A Lost Change to Star Wars?

09 Nov 2006

Apparently, in the scene where Luke throws his grappling hook across a shaft in the Death Star and carries Leia across to safety, some people recall the hook coming unstuck the first time, requiring a second throw.

That sounds familiar, but apparently there are two throws in the novelization. And I’ve learned not to trust my memory on these things.

If this change is real, I wonder why it was made. The failure of the first throw actually increases dramatic tension, and I wouldn’t expect an editor to want to reduce the tension at that point in the film.

On Slashdot, there’s an unintentionally ironic quotation from Lucas, although it is unsourced and so I can’t really verify he ever said it.

I am very concerned about our national heritage, and I am very concerned that films that I watched when I was young and the films that I watched throughout my life are preserved, so that my children can see them.

Did he really say this? If so, it seems a bit hypocritical!

And here’s an interesting bit of trivia: some videodisc players existed that did not use a laser pickup. (They did not use a “needle,” precisely, but they used a physical pickup that touched the disc. Very strange. I had never heard of these until a former boss mentioned them to me. I always wondered how a vibrating needle could carry a signal of sufficient bandwidth to reproduce video).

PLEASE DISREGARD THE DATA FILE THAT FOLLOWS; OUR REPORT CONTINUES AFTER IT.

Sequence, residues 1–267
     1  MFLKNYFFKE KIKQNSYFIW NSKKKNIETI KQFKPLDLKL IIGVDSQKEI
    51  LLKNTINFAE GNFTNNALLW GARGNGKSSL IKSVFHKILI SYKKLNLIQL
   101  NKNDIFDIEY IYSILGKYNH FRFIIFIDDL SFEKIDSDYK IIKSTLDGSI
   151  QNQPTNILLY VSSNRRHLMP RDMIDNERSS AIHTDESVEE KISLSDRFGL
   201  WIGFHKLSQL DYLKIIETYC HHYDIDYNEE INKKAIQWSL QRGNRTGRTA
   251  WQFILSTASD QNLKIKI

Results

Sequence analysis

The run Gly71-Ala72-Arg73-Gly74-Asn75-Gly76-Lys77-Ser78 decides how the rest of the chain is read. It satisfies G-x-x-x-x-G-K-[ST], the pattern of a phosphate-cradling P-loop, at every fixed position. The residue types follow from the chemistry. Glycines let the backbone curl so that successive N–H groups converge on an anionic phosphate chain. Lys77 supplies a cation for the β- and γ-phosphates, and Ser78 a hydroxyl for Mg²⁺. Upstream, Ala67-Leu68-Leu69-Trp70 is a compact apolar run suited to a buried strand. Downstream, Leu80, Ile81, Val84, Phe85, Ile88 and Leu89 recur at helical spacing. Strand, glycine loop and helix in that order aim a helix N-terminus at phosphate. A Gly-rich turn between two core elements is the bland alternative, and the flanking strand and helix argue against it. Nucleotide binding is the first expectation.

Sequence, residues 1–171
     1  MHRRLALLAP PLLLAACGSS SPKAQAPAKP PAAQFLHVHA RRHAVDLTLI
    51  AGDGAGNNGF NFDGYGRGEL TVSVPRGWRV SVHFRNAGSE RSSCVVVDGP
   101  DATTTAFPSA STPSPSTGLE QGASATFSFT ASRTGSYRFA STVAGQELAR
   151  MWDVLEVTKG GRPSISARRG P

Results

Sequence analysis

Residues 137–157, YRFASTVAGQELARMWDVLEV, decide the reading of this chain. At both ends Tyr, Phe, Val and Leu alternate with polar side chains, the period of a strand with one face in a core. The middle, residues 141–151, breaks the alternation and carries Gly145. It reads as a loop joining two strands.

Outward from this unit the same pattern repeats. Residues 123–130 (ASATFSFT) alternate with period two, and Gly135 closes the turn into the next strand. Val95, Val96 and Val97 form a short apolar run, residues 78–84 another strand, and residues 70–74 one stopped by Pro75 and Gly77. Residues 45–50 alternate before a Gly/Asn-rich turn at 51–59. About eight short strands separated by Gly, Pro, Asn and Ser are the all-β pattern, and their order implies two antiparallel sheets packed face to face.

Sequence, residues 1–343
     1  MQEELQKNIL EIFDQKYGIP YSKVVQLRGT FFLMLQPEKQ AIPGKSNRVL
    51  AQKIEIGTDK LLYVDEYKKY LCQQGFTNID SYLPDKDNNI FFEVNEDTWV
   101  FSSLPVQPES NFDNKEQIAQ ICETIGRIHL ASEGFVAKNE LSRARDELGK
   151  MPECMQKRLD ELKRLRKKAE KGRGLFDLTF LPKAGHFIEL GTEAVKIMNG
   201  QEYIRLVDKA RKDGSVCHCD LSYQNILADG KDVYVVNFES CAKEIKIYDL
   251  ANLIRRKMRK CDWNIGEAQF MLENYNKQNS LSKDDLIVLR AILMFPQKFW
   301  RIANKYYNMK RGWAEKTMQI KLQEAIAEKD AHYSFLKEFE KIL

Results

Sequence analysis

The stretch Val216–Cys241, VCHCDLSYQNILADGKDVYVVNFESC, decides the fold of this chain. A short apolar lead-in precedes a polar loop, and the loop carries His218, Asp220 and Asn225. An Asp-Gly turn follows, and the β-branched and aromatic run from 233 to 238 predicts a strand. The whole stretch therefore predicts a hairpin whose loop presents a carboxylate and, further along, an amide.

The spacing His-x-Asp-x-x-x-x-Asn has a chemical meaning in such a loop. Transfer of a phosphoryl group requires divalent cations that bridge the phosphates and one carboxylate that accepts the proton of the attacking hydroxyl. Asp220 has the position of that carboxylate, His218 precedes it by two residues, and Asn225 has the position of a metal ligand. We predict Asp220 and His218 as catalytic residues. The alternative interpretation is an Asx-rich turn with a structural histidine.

From Wikipedia here:

SelectaVision used a special medium known as a Capacitance Electronic Disc (CED). The VideoDisc was a 12 in (305 mm) platter housed in a special caddy. The video and audio signal is stored on the Videodiscs via peaks and valleys in the grooves, similar but not exactly like a phonograph record, of both sides of the discs. To play a Videodisc, you inserted the caddy into the player and the platter would be extracted. A keel-shaped needle with a titanium electrode layer would ride in the groove with extremely light tracking force, reading the electrical signal from the groove where it is decoded back into its FM state.
Unlike a phonograph record, where physical movement (vibration) of the stylus in the groove of the platter led to an audio signal, the stylus in a SelectaVision player slid along the crests of the groove, at a constant rotational speed of 450 rpm. The varying undulations of the peaks and valleys in the groove provided differing amounts of capacitance between the stylus and the conductive carbon loaded PVC disc. This varying capacitance was measured by the player circuitry, providing an audio/video signal.

If that’s not weird enough for you, read about PixelVision.

Very strange! But an object lesson in obsolete media formats. What would you do with one of these discs, if you found them? Somewhere I have a rare 7” analog videodisc containing several music videos by They Might Be Giants. It’s a really pretty coaster!

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